In this verse (4:3), Paul uses the expression “the secret of (the) Anointed (One)” (to\ musth/rion tou= Xristou=). It is not entirely clear whether the genitive here should be understood as objective (Christ is the content of the secret), or subjective (Christ is the one holding/delivering the secret). Generally, Paul’s usage, and manner of referring to Christ, suggests the former—i.e. the secret is about Christ, making known the truth about him. As such, it is more or less synonymous with the Gospel message. However, as Paul makes clear in Galatians 1:6-9, 11-12, 16, he received the Gospel (and his commission to preach it), initially through revelation direct from Christ himself. This raises the possibility that Paul may have understood the “secret” as something which Christ himself delivers to believers (on this, cf. Eph 3:3-4 below).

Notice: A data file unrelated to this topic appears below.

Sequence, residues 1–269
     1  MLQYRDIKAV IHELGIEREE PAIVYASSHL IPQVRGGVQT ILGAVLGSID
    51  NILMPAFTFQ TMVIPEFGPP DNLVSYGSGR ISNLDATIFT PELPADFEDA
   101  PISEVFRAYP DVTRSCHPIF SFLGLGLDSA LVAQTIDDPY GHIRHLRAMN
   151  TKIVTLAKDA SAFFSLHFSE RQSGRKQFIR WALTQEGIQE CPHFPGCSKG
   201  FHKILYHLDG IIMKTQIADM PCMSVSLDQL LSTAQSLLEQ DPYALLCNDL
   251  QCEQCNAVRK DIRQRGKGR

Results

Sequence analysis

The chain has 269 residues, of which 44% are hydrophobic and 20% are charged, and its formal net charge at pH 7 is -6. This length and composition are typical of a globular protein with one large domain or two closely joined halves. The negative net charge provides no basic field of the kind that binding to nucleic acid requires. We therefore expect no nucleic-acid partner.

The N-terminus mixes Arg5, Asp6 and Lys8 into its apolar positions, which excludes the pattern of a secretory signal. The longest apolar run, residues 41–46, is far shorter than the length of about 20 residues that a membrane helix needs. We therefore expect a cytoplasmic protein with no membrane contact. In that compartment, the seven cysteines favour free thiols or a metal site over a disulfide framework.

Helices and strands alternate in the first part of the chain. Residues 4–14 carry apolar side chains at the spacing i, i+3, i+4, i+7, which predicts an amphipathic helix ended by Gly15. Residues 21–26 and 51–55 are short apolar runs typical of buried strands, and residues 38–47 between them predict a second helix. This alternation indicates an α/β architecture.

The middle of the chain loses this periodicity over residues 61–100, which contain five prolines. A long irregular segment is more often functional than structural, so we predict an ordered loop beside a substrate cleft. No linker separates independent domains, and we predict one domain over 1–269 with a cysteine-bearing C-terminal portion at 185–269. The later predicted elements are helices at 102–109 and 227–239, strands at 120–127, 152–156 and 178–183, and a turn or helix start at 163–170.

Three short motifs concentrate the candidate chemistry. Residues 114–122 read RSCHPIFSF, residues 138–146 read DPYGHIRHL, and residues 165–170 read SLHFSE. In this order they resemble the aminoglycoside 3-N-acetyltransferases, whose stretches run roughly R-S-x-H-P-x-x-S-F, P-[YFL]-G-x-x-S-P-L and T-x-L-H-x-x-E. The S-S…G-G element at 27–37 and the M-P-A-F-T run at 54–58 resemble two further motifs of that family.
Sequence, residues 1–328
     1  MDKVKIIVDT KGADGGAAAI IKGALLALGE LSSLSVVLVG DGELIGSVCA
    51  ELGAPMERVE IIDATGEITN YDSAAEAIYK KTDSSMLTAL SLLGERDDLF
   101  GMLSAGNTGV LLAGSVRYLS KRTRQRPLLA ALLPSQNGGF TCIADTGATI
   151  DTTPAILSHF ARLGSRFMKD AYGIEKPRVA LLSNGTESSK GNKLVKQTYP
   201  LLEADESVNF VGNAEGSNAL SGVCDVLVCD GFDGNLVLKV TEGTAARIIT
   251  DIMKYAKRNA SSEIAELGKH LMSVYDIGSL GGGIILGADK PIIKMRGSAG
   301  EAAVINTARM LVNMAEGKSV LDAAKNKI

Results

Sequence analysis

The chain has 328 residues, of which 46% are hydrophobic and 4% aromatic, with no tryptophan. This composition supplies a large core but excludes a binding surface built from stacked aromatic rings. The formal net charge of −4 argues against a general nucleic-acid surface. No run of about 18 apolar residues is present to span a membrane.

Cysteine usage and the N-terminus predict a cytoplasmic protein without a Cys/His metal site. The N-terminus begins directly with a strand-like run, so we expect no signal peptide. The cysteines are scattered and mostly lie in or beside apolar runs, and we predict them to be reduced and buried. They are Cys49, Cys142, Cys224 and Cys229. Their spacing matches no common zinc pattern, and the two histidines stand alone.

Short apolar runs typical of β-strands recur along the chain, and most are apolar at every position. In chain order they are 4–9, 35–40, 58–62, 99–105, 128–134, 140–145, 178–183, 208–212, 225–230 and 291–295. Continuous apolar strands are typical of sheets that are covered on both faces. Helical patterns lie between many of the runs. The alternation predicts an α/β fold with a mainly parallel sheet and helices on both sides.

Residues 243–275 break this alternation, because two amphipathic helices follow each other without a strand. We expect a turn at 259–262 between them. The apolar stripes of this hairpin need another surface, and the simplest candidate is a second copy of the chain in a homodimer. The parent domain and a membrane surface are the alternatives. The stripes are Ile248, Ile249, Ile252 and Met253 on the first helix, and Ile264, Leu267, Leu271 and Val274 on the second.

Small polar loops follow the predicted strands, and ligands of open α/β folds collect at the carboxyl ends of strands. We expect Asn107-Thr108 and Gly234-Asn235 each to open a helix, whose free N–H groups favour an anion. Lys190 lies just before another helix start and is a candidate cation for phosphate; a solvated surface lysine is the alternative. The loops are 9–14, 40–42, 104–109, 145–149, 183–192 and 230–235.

Ephesians 1:9

In many ways, the first half of Ephesians (chaps. 1-3) can be read almost as a commentary on the first two sections of Colossians (1:3-2:5, cf. above), that is, as a greatly expanded introduction. This larger scope is indicated by the fact that Eph 1:3-14 may be regarded as one long sentence in the Greek—an exalted, majestic, theological (and Christological) statement which brings together many aspects of Pauline thought. There are also a number of similarities and parallels in expression with Col 1:24-2:5; this can be glimpsed in the following translation of Eph 1:7b-10a:

“…according to the wealth of His favor, of which He has given over (and) above unto us, in all wisdom and thought(fulness), making known to use the secret of His will, according to His good consideration which he set before(hand) in Him(self), unto the ‘house-management’ of the filling/fullness of the times, to put all thing(s) up (under one) head in the Anointed (One)…”